Akuthota: I think of allergists as the people who were using anti-IgE therapy readily. You probably agree, Mike, that in pulmonary practice, even though the medication had been around for a long time by the time other biologics developed, we hadn't been incorporating it into our practices quite as much. I think this is for multiple reasons. Many patients didn't respond. We didn't have a good sense of who would be a responder vs a nonresponder. We didn't have the infrastructure for giving the medication. We didn't really understand biomarkers quite as well either. So I can't say that I actually gave that much omalizumab. I maybe referred my patients once in a while to my allergy colleagues. I think it's after the development of mepolizumab and other biologics that we started to think more about omalizumab, which had been there the whole time. In particular, we started to think about how it came into our entire schema of biologics practice.
Wechsler: When I think back, I found that it was quite revolutionary. It began the period of time where we used some form of precision medicine. We started to at least think about allergic asthma as opposed to nonallergic asthma. I think this was pivotal, and I think it paved the way for the emergence of all the biologics we currently have. After 2003, when omalizumab came out, the next therapy approved was bronchial thermoplasty around 2011. We began to use this for some patients with severe asthma. But again, we didn't really use a precision medicine approach. It wasn't until 2015 when we had the first anti–IL-5 drug mepolizumab approved that we began to see how things changed. You moved to San Diego around then. How did anti–IL-5 therapy change the way you practice medicine? How do you use the anti–IL-5 therapies?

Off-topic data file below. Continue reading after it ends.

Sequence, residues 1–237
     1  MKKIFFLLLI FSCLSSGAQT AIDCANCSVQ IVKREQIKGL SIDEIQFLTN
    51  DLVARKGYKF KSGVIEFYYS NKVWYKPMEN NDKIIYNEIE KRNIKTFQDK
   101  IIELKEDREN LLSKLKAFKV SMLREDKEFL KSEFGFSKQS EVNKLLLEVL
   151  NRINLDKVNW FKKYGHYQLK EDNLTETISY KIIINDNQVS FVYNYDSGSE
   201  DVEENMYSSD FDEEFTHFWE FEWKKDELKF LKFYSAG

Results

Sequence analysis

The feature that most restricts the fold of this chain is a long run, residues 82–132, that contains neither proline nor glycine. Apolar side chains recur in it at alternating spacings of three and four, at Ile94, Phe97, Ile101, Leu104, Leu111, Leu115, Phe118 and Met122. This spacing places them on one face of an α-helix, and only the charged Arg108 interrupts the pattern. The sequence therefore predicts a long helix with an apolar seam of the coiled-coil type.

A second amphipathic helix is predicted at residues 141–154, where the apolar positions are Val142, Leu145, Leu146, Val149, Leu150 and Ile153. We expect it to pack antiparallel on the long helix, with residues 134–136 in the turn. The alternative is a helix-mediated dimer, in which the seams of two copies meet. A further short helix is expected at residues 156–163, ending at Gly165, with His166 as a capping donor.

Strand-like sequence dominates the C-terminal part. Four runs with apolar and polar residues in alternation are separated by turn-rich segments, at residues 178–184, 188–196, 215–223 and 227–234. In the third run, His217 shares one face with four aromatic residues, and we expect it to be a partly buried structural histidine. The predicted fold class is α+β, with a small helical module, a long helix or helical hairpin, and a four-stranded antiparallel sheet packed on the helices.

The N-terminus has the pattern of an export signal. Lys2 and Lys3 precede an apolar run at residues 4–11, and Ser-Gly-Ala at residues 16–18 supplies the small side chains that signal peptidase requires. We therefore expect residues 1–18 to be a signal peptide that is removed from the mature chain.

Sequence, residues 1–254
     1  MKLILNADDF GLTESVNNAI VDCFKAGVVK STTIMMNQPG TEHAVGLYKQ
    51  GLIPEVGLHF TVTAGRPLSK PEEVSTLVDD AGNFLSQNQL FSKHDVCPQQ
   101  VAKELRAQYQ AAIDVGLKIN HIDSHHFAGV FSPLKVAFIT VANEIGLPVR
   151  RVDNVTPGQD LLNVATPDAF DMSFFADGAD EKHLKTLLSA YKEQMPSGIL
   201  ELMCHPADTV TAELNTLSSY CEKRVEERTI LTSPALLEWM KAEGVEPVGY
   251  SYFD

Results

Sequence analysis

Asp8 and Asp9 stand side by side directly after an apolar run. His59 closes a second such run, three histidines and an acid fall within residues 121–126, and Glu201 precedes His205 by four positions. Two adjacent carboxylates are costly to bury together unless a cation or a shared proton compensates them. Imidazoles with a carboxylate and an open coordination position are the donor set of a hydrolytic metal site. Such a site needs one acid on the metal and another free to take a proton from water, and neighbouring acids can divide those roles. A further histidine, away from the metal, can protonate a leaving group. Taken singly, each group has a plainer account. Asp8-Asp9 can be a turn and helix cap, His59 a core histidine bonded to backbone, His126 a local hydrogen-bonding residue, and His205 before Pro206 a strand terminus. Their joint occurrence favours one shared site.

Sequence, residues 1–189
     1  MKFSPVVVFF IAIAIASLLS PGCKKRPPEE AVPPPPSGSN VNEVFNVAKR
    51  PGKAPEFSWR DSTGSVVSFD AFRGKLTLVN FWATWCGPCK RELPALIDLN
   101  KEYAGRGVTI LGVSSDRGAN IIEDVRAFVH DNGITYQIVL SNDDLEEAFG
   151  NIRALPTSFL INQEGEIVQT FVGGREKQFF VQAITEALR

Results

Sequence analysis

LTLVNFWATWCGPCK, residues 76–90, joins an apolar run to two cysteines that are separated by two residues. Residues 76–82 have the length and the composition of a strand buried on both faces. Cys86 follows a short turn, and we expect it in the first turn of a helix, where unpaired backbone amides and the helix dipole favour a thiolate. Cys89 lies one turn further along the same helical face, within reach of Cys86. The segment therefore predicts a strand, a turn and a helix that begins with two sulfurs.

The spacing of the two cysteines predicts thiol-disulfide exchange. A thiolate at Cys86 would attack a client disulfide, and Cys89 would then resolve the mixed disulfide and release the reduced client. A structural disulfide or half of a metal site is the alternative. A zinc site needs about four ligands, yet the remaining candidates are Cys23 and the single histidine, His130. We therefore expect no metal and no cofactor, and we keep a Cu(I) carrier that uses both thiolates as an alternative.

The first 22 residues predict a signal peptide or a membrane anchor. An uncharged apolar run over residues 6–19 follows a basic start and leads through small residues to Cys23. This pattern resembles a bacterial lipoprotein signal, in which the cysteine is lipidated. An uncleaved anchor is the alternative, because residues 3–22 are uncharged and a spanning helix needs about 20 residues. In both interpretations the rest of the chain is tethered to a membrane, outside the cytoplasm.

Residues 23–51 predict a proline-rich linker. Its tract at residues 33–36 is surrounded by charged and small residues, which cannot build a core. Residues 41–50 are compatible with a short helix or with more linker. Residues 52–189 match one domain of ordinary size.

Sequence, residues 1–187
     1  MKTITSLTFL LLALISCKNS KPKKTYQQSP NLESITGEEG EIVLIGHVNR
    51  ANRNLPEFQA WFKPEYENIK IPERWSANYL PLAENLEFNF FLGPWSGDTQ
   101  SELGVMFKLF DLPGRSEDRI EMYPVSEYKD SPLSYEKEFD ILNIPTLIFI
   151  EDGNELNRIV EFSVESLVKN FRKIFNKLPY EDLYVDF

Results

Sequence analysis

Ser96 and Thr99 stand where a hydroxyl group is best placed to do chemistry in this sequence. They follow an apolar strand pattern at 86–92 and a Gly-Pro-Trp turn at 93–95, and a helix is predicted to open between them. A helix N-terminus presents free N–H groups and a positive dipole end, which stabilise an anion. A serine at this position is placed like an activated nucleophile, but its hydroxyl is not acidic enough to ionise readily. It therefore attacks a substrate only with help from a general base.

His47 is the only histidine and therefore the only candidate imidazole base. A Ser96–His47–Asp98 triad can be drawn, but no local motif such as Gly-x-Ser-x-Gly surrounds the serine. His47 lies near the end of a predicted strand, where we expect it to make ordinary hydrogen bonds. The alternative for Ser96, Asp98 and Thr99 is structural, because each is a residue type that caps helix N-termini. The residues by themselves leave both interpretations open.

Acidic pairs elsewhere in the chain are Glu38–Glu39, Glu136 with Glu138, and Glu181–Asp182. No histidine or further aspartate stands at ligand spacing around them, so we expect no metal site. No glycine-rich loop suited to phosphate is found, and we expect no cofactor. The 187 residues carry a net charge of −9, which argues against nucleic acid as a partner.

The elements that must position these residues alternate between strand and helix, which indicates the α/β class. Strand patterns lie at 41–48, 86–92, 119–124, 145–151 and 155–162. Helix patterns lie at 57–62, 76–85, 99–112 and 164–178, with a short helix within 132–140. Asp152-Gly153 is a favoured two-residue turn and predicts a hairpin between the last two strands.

Akuthota: I think my practice is a little bit unique in that it's enriched with people who have eosinophilic disease and who have high levels of eosinophils. But how it's changed my practice — and maybe I was more prone to look at biomarkers beforehand because I was thinking about eosinophilia — is that it made me much more prone to look at eosinophilia as a biomarker. And then it's made me be quicker in patients who are not responding to inhaled corticosteroids and multiple other controller medications to try a biologic. I think we were still trying to understand who a responder and a nonresponder might be, even with people who have high eosinophil counts. I think the incorporation of IL-5 biologics or the introduction of IL-5 biologics made myself and others more cognizant of looking at eosinophilic counts as a biomarker and understanding that these patients might respond to these therapies.